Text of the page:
like strokes of paint and splotches of ink
retelling the recent past on brittle skin
and my hands hurt
and my head hurts
and my heart is aching, too
but it’s alright
it is all fine
just a memory of you

Nobody Writes like You

Do you have those moments when you just feel like putting down the pen because it doesn’t even matter? The idea isn’t new, the characters resemble archetypes or worse, clichés. The plot is just hobbling alone and who wants to read all that rambling inner monologue anyway?

Let me tell you a thing: Your story is going to be a unique work of art and only you can do it. Because there is nobody else in the whole wide world who writes as you do. Doubly.

Let me explain.

Firstly: nobody writes like you.

Ideas are a dozen a dime. They wait everywhere, there’s generators for them. The real work is fleshing them out and writing down the actual story. When you tell people ‘I write stories’ how often do they reply: ‘I have this great idea, why don’t you write that?’ Because, let’s face it, the actual writing is the short end of the stick here.

Few people bother with it. Why put down the story in words when it is so perfect and shiny in your head already? Why fight the battle we do when the words don’t come out the way we want or expected? You do. And your voice is unique. The vampire romance in the zombie apocalypse you write has never been done like that before. Your struggling heroes have never been these exact people. Their thoughts and words are new.

The shy girl finding she has superpowers and finding her place in the ‘real’ world and the world of heroes is yours. She will not get her say if not for you. We will never know her. We will only know her sisters. That would be a shame.

You’re slaving over a fix-it fanfic for your fave characters? So what if others have used the same characters or even the same way to fix things? They could never use your words. Your take on things is your very own. So will your story. Nobody before you has taken the words you took and put them the way you did.

You are unique and so is your story. Don’t be discouraged by feeling like an impostor. There are many heroes’ journeys out there, a deluge of coming of age stories, uncountable romances and still people always want more. They want your take on things and they want your story.

Secondly: nobody writes like you.

And I mean your process. It is as unique as you are.

There is a lot of writing advice out there. It will tell you to outline, to plot, to research, to do three arcs, to do five, to use the door system, to know your characters every detail, to avoid adverbs, to avoid ‘said’ to use ‘said’ whenever possible. There a character sheets that tell you what you MUST know, manuals on how to force your story into a certain structure.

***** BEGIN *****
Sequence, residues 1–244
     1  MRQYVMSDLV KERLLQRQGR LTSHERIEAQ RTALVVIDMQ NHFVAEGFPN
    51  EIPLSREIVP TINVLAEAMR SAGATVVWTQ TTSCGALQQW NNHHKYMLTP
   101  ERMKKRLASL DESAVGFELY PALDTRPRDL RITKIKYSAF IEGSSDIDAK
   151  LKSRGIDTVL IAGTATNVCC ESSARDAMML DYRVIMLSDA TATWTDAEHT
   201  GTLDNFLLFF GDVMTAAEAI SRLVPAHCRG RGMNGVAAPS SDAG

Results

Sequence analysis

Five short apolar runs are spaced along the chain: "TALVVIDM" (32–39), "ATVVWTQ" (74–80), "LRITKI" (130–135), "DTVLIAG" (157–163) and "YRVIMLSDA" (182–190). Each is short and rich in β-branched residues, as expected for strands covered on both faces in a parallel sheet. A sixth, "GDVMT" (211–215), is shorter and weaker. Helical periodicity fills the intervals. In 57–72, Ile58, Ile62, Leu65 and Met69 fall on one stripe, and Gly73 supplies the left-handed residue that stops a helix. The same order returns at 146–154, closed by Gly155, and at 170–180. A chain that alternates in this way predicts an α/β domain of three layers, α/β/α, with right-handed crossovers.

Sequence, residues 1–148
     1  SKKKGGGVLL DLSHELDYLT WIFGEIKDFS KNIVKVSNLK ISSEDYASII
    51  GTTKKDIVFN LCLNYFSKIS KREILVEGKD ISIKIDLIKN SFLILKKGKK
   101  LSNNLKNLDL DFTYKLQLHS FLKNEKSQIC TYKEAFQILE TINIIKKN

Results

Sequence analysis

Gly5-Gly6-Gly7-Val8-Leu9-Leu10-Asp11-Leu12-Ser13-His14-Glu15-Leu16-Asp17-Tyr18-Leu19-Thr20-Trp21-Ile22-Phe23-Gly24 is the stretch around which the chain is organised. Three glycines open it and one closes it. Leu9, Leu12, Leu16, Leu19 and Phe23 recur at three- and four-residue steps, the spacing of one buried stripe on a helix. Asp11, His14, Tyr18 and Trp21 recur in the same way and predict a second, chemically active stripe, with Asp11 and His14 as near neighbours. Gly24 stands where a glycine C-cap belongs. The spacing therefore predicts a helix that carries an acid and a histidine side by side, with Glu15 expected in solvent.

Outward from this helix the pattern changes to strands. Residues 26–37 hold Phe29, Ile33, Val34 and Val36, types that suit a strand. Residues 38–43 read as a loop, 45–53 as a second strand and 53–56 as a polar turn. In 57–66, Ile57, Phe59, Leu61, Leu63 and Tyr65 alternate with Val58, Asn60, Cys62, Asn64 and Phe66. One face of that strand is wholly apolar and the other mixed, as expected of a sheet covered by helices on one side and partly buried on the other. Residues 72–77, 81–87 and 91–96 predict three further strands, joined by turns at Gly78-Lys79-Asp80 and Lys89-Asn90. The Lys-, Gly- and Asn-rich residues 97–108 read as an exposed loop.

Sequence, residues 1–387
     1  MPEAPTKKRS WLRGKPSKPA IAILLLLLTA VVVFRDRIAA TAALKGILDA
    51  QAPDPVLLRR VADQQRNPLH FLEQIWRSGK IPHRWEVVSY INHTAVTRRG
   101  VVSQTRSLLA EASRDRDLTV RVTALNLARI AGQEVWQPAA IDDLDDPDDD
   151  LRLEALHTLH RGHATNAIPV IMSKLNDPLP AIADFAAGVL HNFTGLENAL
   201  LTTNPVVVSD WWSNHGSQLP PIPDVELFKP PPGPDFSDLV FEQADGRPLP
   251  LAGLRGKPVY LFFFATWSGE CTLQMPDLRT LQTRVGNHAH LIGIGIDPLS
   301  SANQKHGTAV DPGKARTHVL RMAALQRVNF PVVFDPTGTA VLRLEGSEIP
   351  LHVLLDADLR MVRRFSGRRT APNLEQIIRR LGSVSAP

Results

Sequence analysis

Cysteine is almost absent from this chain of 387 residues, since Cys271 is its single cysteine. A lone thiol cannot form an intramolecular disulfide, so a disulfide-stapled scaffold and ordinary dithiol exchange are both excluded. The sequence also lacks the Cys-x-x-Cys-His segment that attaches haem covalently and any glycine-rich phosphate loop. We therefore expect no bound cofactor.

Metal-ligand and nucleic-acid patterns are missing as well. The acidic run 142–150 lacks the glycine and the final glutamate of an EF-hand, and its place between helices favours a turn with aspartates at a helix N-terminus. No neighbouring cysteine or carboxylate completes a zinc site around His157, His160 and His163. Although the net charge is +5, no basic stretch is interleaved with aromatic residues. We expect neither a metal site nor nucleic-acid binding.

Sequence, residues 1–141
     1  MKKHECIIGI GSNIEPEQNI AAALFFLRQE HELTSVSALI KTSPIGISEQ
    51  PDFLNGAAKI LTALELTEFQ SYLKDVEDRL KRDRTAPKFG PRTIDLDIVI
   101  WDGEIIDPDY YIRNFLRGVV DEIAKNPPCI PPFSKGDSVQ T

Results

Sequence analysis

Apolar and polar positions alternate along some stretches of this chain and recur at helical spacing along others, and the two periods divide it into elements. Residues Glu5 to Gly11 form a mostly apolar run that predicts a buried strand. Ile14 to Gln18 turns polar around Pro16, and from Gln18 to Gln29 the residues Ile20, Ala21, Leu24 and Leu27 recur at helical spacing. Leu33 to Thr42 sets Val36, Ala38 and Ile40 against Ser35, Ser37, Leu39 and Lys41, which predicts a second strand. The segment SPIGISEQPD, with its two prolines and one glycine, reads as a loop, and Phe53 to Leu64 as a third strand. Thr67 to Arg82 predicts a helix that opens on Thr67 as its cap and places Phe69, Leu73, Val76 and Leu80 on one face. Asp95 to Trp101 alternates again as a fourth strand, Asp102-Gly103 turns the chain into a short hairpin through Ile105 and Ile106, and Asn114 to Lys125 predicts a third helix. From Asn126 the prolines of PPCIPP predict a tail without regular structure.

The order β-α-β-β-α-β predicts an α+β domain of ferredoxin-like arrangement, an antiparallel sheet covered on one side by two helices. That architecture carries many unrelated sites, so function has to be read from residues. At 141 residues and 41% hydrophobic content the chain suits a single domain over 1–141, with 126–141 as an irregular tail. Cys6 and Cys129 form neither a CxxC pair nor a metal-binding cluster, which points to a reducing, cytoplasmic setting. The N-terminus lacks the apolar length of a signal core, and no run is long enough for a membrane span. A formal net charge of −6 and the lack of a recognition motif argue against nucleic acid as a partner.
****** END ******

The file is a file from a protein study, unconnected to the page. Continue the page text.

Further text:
But nobody writes like you do. You can find a lot of helpful advice out there. It is still likely that none fits you 100%. You have your own process that works for you. Experimenting to find it is a great thing. Sticking to what you know will work for you can be difficult.

I am a 97% pantser. I do not outline. If I am lucky I have a few places to visit while my characters work their way from the beginning to the end. Yes, I do know the end when I start. It’s like going on a road trip. There’s many ways I can take to the destination. And no, I don’t have character sheets either. Do I know the colour of their eyes? Possibly. If it had relevance at some point. I write those bits down in my little wikis as I go.

I have spent years in anguish over my inability to craft a plot and killed several stories by trying to outline them. But I wanted to write stories and if there was a right way to do this, I needed to learn that, right?

Then one day in my thirties (don’t laugh, ok, well if you have to) I found a summer class by Brandon Sanderson. He took the time to explain several ways of getting an outline for a novel done. Then he said not everybody does it. There are published authors out there that don’t use an outline. I was saved.

So look at what works for you, tweak it, poke it, make it work better. Your best practice can change over time – give it breathing space. And shrug off anybody who tries to tell you you’re doing it wrong. If at the end of the process you have a story, you are doing it right.

Nobody writes like you.